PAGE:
I don’t know whether you can be trained to be optimistic or if you have to be wired in that way. But connected to their ability to overcome adversity, is this inherent sense of optimism.
There’s an abiding sense of confidence that their best work is ahead of them. They stay pumped and motivated. They stay solid.
This is not to say that these interior designers are not wholly engaged in the world as it really is, but strong faith in the future keeps them excited about the possibilities that exist in the world of design.
#6 – Fail, Then Fail Again
To be able to engage in risk taking is another key element in a designer’s success. There needs to be a willingness to experiment and fail.
Design is actually very forgiving because when you fail, you learn.
We should not hesitate to try everything at our disposal in the pursuit being unique. This necessarily means that there will be a fair amount of failure. If we talk to any notable designer or decorator, they will talk about the risks that they’ve taken and the failures they’ve had and what they’ve learned from it. Don’t be afraid to be wrong. Be afraid to be right too much of the time. Take whatever chances you can.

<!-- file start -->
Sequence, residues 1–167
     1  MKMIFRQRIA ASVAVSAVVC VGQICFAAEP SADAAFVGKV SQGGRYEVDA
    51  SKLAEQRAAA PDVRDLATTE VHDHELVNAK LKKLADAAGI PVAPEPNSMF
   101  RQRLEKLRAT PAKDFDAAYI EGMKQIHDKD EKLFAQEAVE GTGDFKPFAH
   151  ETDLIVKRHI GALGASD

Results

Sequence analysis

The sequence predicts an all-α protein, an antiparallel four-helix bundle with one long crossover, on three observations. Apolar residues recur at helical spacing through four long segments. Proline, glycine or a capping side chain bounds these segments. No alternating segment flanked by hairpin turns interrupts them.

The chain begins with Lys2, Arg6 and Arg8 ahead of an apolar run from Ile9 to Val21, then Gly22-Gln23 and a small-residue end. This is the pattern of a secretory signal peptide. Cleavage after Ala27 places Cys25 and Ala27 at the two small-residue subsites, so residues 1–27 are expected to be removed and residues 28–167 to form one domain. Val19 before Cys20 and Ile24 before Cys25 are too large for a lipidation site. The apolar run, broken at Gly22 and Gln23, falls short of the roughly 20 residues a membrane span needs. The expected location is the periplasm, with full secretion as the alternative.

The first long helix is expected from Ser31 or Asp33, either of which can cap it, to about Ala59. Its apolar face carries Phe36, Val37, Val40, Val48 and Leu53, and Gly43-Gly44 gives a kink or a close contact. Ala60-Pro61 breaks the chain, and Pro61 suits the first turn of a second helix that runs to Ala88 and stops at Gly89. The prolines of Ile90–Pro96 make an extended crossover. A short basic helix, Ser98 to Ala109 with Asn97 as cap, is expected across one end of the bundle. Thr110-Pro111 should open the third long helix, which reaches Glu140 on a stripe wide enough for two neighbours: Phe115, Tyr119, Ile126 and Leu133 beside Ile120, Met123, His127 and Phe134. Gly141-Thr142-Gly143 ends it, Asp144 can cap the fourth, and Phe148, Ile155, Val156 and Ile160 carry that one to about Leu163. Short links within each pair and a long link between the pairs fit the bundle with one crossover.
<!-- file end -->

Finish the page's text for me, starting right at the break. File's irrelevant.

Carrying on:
The notion of risk taking separates successful designers from less successful designers. When I teach, my students get big points for failure. I encourage them to go out and try something they would never dreamed possible. If they fail, they get a high mark.
#5 – Edit, Then Edit Again
Start be selecting dozens of items for a space. Then cut them down. Then do it again, and again. This is how you build a room.
The most successful designers are ruthless editors of their own work.
Be a ruthless editor of your own work. But also know when a job is completed. Some designers and decorators feel that a room is never finished. At NYIAD, we don’t think so. A room may be finished, but can continue to evolve. It’s an organic thing, after all. There’s no saying that a completed room will not be refined or added to or subtly changed over time. And it should be. But every project, every room, tells a story. That story has a beginning, a middle and an end. The ending is there. You have to train yourself to see it.
#4 – Think of Yourself as a Surgeon